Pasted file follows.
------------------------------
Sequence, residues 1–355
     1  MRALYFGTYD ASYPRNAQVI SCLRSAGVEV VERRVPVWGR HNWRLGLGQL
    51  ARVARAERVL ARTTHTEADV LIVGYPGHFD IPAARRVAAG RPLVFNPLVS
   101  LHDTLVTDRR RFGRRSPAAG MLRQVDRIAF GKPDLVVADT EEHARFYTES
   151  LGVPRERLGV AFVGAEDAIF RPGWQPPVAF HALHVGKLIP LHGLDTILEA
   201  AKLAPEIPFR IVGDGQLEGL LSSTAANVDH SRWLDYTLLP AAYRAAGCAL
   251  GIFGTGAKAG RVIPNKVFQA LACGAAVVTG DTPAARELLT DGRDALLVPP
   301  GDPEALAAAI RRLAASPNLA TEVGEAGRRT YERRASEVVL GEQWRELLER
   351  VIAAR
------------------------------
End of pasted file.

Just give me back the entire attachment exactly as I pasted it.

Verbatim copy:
Sequence, residues 1–355
     1  MRALYFGTYD ASYPRNAQVI SCLRSAGVEV VERRVPVWGR HNWRLGLGQL
    51  ARVARAERVL ARTTHTEADV LIVGYPGHFD IPAARRVAAG RPLVFNPLVS
   101  LHDTLVTDRR RFGRRSPAAG MLRQVDRIAF GKPDLVVADT EEHARFYTES
   151  LGVPRERLGV AFVGAEDAIF RPGWQPPVAF HALHVGKLIP LHGLDTILEA
   201  AKLAPEIPFR IVGDGQLEGL LSSTAANVDH SRWLDYTLLP AAYRAAGCAL
   251  GIFGTGAKAG RVIPNKVFQA LACGAAVVTG DTPAARELLT DGRDALLVPP
   301  GDPEALAAAI RRLAASPNLA TEVGEAGRRT YERRASEVVL GEQWRELLER
   351  VIAAR